From ‘warm up’ deejay to radio disc jockey ZJ West enjoys the best of both worlds

October 29, 2019

For ZJ Richie West, music has always been a passion, but as it relates to a career in the entertainment industry, there was one standout moment that cemented things for him. He was perhaps 18 years old at the time, and having been tasked with putting together the music for a beach trip, West discovered that he had a knack for pleasing people. His mixtape for the trip was the beginning of his flourishing career as not only a selector but a radio disc jock.

“Me bredren did a have a beach trip, and him say, ‘yow, like how yuh always a make the mixtape and dem thing deh, make a mixtape for the beach trip. They wanted some real music, and when me say ‘real music’, me a talk Marvin Gaye and dem man deh. I remember while I was on that trip, every single song that was played from the tape got a ‘forward’,” he recalled.

“It was like me deh a dance and people a buss blank. I’ve never seen that reaction from a mixtape before, and at that point, I realised, ‘maybe I can tell what people want to hear’.”

Still, although having had that epiphany, the Portmore native was a ‘just come’ on the selecting circuit and had to pay his dues. West therefore adopted the role of a ‘warm-up deejay’ on his first sound. He said: “There was a sound system in Cumberland called Cross Fire, and they took me in. I used to go to school in the days, and in the nights, I used to go out with them. At that time, though, I was not allowed to play any of the hot segments. I was literally the warm-up deejay,” he laughed. “So wah happen is, when the rest a sound man dem affi go bathe, me a di one weh a play the music. Nobody never deh deh, but I never mind. What that developed into was me watching the crowd for them, so when the ‘A deejay’ dem come in, I could tell dem wah fi play because me already observe the crowd and know weh dem want.”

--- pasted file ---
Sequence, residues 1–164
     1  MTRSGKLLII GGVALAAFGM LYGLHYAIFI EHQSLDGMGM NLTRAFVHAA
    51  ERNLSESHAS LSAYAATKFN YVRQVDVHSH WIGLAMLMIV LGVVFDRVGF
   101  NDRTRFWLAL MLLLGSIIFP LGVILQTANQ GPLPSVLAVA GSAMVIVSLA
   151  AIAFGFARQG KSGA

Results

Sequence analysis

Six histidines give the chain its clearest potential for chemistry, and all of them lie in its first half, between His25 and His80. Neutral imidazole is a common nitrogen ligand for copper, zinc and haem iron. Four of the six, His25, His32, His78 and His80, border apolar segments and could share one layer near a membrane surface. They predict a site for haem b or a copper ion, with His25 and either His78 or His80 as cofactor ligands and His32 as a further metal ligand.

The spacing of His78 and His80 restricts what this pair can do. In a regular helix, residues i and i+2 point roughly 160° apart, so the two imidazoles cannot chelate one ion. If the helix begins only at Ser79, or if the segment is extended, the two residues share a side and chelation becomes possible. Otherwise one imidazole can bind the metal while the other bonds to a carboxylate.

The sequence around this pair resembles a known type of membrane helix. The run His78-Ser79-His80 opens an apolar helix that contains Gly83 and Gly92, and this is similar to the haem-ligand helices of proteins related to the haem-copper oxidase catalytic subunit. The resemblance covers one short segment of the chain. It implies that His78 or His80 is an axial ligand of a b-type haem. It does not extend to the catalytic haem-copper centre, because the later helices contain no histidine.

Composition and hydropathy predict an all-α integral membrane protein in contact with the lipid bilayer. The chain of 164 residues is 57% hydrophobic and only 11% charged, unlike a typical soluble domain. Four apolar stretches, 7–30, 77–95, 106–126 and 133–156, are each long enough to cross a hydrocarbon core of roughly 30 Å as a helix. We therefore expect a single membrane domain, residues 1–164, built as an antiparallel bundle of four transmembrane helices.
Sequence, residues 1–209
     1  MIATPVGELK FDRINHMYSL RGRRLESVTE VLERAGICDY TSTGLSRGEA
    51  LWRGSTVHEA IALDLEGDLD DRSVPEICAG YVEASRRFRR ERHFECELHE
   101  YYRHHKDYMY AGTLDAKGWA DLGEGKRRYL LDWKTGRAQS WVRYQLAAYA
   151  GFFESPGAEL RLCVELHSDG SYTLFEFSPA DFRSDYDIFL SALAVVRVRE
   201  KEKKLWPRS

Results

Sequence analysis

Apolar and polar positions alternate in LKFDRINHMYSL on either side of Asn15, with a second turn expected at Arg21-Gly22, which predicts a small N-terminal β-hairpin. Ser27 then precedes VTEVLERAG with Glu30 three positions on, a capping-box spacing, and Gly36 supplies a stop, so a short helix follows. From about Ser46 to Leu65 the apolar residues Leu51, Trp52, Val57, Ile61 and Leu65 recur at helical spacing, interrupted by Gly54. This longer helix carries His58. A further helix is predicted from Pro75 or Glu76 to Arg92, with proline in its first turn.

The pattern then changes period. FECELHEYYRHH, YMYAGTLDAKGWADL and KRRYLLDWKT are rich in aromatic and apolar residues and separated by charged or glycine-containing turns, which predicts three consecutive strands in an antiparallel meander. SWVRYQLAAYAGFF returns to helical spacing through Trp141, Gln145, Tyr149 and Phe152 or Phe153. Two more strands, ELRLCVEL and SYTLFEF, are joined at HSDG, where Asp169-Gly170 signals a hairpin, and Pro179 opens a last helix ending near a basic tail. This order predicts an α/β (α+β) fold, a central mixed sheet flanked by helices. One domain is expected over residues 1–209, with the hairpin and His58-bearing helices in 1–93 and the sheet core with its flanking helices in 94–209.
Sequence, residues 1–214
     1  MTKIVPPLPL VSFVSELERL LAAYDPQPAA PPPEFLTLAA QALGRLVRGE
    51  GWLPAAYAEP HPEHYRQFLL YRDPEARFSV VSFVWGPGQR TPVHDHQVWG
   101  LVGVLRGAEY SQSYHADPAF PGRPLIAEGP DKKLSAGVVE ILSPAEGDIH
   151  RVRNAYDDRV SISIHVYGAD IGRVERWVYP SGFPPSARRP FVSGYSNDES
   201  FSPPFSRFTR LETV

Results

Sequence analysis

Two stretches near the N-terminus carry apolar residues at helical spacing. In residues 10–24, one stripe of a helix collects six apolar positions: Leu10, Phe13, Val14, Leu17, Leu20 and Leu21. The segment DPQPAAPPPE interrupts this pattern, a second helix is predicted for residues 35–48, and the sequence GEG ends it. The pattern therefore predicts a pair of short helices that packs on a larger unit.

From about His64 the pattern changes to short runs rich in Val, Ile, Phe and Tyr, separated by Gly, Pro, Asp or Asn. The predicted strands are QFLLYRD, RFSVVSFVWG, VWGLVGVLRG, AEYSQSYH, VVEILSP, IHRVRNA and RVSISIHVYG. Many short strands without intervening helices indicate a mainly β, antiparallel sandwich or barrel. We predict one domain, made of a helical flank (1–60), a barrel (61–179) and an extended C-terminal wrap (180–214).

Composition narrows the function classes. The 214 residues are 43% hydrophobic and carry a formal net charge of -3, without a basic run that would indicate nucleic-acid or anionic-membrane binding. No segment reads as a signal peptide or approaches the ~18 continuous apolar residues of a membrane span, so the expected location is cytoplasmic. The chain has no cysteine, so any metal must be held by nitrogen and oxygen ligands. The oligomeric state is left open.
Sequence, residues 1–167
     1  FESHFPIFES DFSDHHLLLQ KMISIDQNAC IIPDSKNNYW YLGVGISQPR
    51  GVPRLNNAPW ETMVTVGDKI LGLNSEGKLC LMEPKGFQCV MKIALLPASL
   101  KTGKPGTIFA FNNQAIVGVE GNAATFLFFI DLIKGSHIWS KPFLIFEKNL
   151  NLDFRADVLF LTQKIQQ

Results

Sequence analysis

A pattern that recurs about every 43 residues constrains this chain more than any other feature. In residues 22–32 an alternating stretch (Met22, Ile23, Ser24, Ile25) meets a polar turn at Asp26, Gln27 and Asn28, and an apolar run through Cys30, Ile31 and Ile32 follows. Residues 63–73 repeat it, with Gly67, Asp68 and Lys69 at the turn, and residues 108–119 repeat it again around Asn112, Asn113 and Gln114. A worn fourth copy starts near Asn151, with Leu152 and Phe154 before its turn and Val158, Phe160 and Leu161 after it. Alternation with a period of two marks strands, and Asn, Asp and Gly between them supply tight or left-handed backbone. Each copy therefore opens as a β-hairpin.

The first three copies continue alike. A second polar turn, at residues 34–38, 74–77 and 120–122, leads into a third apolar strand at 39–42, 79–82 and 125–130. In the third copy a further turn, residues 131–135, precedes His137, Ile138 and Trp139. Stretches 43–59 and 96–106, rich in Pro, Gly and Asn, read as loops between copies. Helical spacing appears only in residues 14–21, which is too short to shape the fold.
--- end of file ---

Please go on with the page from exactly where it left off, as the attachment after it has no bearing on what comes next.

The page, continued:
West, who is also a disc jockey with Zip 103 FM, has had the best of both worlds. He has established himself in the streets and on radio. And although he thoroughly enjoys both, he prefers radio. To him, it allows more room for versatility. “I really do prefer radio. What I like about radio is, either you can dweet, or you can’t. You cannot lie on radio,” he said. “If yuh go to party and yuh honest with yourself, there are certain songs weh affi play. As deejays, we like to play it safe with these songs because we know we a go get a forward. On radio, we have more room to play different songs from different artistes. We get to impose our taste on the audience, which I like because you can introduce people to new material.”

The disc jock/selector has managed to establish his own lane in the entertainment sphere, but this did not come without its fair share of discouragement. He revealed that on his journey, he was sometimes made to feel like his chosen field was not one worth pursuing professionally. “I have been made to feel, like selecting isn’t a real job. I have been made to feel like it’s a ‘dunce man thing’, and I want to tell you that is absolutely not true. Playing music is probably one of the hardest things you can do,” he said, pointing out how difficult it is to please an audience of different demographics. “It is very difficult, and selectors should be shown more respect. It’s a very difficult balance to achieve – trying to please everyone – and most selectors take great pride in seeing people enjoy themselves. For a doctor, healing the sick is the best part of his job, and it’s the same thing for us – when people genuinely enjoy the art you created, it gives you joy.”

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